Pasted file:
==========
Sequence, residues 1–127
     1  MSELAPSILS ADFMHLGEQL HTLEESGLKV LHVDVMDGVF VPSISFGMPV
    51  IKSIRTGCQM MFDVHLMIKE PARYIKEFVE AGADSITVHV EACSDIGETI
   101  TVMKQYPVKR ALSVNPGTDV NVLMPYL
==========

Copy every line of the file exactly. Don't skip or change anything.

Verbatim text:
Sequence, residues 1–127
     1  MSELAPSILS ADFMHLGEQL HTLEESGLKV LHVDVMDGVF VPSISFGMPV
    51  IKSIRTGCQM MFDVHLMIKE PARYIKEFVE AGADSITVHV EACSDIGETI
   101  TVMKQYPVKR ALSVNPGTDV NVLMPYL